The Alexander technique is a mind–body technique that works with the nervous system and the physical startle pattern and fight–flight–fright stress response to change how people react to the often aggravating and stressful stimuli of everyday modern life. It does this through making people aware of their unconscious, habitual mental and physical responses to stimuli, and teaching them to stop and to consciously redirect their bodies – and particularly their head, neck and back – in order to bring about a more balanced and mindful response to the stimuli around them.

This improved use of the head, neck and back over time slowly calms the nervous system, enabling increased affect regulation (emotional balance), clearer thinking, and improved use and coordination of the entire body. Pain tends to lessen and many physical conditions tend to improve or abate. People who use the Alexander technique in living also tend to find themselves calmer and happier and leading more productive lives due to their more conscious and more considered (or mindful) responses to stress.

The physical startle pattern (fight–flight–fright stress response). Credit:  iStock Photo

The physical startle pattern (fight–flight–fright stress response). Credit: iStock Photo

A man showing one of the many manifestations of stress. Credit:  iStock Photo

A man showing one of the many manifestations of stress. Credit: iStock Photo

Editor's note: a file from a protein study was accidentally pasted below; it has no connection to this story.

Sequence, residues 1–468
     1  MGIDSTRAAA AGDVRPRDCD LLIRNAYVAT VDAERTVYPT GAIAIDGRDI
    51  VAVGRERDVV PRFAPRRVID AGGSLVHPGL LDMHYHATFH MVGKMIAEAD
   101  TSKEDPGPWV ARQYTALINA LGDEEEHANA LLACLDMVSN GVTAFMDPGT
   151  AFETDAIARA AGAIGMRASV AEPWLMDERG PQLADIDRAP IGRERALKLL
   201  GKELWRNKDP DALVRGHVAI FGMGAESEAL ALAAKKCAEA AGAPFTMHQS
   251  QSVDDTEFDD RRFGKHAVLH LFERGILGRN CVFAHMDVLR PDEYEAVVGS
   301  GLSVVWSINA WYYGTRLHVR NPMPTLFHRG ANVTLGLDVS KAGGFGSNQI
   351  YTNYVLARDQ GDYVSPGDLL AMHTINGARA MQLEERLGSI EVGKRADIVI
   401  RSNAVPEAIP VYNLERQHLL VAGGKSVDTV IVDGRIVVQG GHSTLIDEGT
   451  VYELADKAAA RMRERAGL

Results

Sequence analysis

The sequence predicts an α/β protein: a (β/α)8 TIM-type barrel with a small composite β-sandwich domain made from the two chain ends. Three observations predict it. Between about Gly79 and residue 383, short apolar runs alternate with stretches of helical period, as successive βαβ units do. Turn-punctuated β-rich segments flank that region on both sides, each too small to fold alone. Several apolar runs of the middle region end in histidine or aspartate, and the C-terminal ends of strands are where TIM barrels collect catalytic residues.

The physical startle pattern (fight–flight–fright stress response) seen very clearly in animals. Credit:  pasunautre.com

The physical startle pattern (fight–flight–fright stress response) seen very clearly in animals. Credit: pasunautre.com

People of all ages, including older people and children, can benefit. Learn more about who can be helped by the Alexander technique and also its benefits.

Patrick Macdonald, a Master first-generation teacher trained by FM Alexander, gives the following definition of the Alexander technique:

"The Technique is generally regarded as one for altering the postural behaviour of individuals, and indeed it can be so regarded. However, it concerns itself with considerably more than this. It is a technique for altering the reaction of the individual to the stimuli of his environment, and thus it can be applied to the whole range of human activities, whether these be regarded as just thought processes or processes involving predominantly muscular activity."

(The Alexander technique as I see it, pp. 52–3)

Find out about what happens in an Alexander lesson and also learn how the Alexander technique was developed and how it works.

Learn how the Alexander technique differs from other therapies and hands-on modalities.

See the glossary for more information about common Alexander technique terms and concepts.

Find out more about Maria and about lessons with Maria in the Alexander technique.

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